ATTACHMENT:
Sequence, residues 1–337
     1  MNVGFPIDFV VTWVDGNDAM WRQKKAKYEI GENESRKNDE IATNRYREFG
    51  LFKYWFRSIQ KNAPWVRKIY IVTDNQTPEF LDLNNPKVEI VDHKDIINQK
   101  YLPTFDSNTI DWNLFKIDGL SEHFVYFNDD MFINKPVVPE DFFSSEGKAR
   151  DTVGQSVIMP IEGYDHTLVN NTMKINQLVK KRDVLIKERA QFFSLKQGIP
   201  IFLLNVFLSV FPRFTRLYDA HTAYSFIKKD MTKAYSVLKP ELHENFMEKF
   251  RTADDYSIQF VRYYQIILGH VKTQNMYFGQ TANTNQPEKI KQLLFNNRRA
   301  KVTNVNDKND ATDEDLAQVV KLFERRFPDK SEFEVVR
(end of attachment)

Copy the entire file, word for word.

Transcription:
Sequence, residues 1–337
     1  MNVGFPIDFV VTWVDGNDAM WRQKKAKYEI GENESRKNDE IATNRYREFG
    51  LFKYWFRSIQ KNAPWVRKIY IVTDNQTPEF LDLNNPKVEI VDHKDIINQK
   101  YLPTFDSNTI DWNLFKIDGL SEHFVYFNDD MFINKPVVPE DFFSSEGKAR
   151  DTVGQSVIMP IEGYDHTLVN NTMKINQLVK KRDVLIKERA QFFSLKQGIP
   201  IFLLNVFLSV FPRFTRLYDA HTAYSFIKKD MTKAYSVLKP ELHENFMEKF
   251  RTADDYSIQF VRYYQIILGH VKTQNMYFGQ TANTNQPEKI KQLLFNNRRA
   301  KVTNVNDKND ATDEDLAQVV KLFERRFPDK SEFEVVR